LDS Church leaders mourn reported deaths in Mormon LGBT community
SALT LAKE CITY — The LDS Church responded Thursday to an unverified report about suicide deaths among Mormon LGBT people.
"We mourn with their families and friends when they feel life no longer offers hope," senior church leaders said through a spokesman.
Wendy Montgomery, a co-founder of the Mama Dragons, a group of Mormon mothers with gay children, reported last week that she had been told 32 young LGBT Mormons have died by suicide since early November.
The individual families who told Montgomery about their losses requested privacy. The Deseret News has not been able to verify this number independently.
Given the tragedy of suicide and the alarm the report has raised in the LDS LGBT community, the Deseret News asked experts for insight and solutions. They explained exactly how parents, friends and religious congregations can help prevent suicides by thinking carefully about what they say and do and by welcoming, accepting and supporting LGBT people.
Each emphasized that those who may be contemplating suicide can find help from many people and places, and that families can learn to see the warning signs.
The timing of Montgomery’s report has raised concerns in the LDS LGBT community that church leaders’ Nov. 5 announcement of new policies regarding same-sex couples and their families could have contributed to increased anxiety for some. Experts say it’s impossible to pinpoint the causes of any suicide because research shows there is never a single reason.
Last week in Los Angeles during a conference for Affirmation, a Mormon LGBT support group, Montgomery, who is well-known in that community, reported that 32 families had contacted her directly about the deaths of a child or sibling. She said most were men (27), but three were female and two were transgender. The average age was 17. All were between the ages of 14 and 20. Montgomery said 26 deaths took place in Utah, four in Idaho and one each in Arizona and the New England area. Utah health department officials have been able to confirm 10 suicides in that age range in Utah since the start of November.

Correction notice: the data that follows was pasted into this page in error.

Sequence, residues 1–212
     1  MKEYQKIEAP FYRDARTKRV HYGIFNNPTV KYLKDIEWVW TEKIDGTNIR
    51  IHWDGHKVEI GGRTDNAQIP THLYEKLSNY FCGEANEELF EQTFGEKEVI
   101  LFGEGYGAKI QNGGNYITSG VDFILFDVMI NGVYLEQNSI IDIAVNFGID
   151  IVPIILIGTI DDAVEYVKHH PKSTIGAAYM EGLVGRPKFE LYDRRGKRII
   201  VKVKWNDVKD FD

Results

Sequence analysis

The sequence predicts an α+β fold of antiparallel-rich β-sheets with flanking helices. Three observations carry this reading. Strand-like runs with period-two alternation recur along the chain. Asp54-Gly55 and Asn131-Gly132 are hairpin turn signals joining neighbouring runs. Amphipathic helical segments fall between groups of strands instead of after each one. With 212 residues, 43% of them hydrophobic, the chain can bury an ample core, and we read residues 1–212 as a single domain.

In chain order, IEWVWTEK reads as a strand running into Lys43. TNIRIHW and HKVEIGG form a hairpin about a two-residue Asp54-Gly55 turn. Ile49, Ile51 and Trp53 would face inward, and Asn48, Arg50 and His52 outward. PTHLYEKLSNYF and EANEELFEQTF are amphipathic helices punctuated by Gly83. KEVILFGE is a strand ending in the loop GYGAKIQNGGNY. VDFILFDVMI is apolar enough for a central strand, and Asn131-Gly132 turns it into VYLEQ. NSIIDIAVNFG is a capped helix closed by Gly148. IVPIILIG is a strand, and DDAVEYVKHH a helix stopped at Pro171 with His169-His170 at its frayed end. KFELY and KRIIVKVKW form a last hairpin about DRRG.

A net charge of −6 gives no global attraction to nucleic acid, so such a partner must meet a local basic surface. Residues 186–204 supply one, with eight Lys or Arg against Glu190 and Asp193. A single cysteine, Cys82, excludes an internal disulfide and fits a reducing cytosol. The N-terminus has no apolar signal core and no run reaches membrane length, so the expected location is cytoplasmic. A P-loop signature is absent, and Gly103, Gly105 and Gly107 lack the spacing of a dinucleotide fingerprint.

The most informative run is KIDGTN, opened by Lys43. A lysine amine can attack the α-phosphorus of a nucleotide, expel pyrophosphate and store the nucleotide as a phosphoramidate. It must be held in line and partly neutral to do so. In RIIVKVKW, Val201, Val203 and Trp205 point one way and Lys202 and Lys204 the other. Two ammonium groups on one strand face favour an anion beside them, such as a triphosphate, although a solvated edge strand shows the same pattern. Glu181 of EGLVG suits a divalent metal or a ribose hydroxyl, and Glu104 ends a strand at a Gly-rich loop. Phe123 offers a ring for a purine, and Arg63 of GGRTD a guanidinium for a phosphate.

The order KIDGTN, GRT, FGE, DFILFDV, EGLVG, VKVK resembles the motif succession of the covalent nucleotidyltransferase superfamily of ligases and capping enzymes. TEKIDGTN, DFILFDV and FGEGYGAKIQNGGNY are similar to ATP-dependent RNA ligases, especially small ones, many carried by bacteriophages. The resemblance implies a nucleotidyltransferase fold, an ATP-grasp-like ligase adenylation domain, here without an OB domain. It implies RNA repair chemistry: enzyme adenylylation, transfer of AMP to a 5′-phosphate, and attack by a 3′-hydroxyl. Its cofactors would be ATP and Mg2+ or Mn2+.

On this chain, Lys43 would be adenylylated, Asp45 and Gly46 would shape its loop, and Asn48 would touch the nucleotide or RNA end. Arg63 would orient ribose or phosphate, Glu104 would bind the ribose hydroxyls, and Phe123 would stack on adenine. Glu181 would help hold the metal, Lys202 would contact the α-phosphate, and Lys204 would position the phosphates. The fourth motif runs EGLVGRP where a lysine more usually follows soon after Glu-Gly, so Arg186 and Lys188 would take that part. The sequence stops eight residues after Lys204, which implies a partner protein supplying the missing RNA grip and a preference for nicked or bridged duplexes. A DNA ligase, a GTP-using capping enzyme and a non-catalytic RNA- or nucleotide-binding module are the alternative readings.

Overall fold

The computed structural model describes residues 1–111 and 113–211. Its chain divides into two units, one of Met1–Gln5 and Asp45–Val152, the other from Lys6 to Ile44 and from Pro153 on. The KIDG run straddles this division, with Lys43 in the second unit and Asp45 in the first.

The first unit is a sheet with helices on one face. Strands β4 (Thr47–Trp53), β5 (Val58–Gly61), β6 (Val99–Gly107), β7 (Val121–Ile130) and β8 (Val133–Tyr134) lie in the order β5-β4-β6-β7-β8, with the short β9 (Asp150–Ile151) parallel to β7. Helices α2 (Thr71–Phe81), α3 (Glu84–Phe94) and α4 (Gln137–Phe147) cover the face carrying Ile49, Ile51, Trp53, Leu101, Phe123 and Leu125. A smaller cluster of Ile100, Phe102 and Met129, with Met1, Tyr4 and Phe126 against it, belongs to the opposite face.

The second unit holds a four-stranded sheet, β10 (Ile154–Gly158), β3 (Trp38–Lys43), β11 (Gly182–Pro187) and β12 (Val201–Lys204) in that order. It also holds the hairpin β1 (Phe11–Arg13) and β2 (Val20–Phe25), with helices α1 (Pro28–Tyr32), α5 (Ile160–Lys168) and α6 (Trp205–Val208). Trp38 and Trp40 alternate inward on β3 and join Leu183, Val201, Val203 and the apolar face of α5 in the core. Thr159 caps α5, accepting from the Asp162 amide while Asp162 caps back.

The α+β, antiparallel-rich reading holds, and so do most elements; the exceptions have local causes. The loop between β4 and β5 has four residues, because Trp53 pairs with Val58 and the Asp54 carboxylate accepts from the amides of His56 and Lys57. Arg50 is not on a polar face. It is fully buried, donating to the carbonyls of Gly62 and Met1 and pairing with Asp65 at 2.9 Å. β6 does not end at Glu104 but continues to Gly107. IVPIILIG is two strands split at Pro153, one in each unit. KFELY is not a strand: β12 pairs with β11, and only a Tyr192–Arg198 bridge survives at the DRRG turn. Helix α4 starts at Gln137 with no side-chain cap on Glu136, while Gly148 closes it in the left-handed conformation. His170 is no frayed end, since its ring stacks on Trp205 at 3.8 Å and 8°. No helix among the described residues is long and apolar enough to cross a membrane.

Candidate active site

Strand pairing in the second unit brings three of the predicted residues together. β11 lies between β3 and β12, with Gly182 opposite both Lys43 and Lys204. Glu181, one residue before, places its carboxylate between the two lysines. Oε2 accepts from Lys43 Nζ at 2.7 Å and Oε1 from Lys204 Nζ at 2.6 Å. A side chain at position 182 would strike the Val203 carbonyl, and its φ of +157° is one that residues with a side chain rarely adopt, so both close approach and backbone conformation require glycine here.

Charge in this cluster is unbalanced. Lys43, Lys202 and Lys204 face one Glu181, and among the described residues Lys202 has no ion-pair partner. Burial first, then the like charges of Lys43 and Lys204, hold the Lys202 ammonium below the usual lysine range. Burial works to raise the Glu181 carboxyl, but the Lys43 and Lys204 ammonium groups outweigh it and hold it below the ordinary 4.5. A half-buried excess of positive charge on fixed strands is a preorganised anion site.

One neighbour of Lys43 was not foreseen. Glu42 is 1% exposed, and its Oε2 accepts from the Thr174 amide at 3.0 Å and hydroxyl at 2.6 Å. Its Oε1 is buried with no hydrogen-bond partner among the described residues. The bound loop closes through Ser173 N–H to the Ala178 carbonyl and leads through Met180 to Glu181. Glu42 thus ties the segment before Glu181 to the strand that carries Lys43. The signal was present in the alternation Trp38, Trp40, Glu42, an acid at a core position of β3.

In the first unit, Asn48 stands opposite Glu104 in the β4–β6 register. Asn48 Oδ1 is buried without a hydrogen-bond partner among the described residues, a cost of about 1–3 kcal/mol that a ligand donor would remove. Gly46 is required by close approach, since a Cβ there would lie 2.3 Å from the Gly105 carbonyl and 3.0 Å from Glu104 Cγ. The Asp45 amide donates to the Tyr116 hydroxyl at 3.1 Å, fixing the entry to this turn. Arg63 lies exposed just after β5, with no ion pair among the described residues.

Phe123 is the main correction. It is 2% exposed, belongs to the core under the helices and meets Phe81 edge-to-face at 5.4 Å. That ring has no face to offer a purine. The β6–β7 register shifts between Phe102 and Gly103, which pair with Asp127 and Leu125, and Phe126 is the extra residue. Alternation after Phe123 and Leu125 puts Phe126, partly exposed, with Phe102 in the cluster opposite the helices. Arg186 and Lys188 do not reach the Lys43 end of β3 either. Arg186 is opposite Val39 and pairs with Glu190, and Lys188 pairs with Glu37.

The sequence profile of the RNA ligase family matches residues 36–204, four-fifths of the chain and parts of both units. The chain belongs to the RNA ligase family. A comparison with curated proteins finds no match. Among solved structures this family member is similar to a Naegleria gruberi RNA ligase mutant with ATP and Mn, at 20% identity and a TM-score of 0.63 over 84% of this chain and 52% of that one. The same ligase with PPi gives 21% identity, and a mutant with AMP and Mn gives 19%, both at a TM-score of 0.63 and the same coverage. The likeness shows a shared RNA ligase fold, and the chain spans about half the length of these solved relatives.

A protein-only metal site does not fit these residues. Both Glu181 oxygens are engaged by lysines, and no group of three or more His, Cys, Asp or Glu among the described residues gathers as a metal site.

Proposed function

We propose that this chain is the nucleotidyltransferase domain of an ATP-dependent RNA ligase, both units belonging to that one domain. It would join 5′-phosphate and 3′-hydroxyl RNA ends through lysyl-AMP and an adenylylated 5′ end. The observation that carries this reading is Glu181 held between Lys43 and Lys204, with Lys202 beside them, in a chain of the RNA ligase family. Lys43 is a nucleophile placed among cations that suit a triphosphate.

Keys for helping
Regardless, teenagers need support, even absent sexuality issues, and families and church congregations can be critically valuable environments, experts said. Research shows religious affiliation generally lowers suicide risks, though it also is normal for believing LGBT youth to struggle to square their realization of same-sex attraction with their religious beliefs. Supportive messages are crucial. The possibility of self-harming behavior more than doubles each time an LGBT youth is hurt physically or verbally.
Parents and families can provide healthy, constructive relationships and environments by expressing affection when they learn a child is gay or transgender, by supporting the child even if the news is uncomfortable and by being willing to talk about it.
For example, Elder Dallin H. Oaks of the Quorum of the Twelve Apostles of The Church of Jesus Christ of Latter-day Saints once was asked how he would respond if his 17-year-old son said he was gay. "You’re my son," Elder Oaks said. "You will always be my son, and I'll always be there to help you."
Parents, families and friends also should expect a good adult future for the child, a specialist said, and continue to include LGBT youth in family activities. They also should be the child’s advocate if he or she is mistreated, require other family members to show respect and help their faith community welcome and include LGBT teens.
The suicide prevention lifeline 1-800-273-TALK is available 24/7 as a resource for those in crisis and for those who may be worried about someone else.
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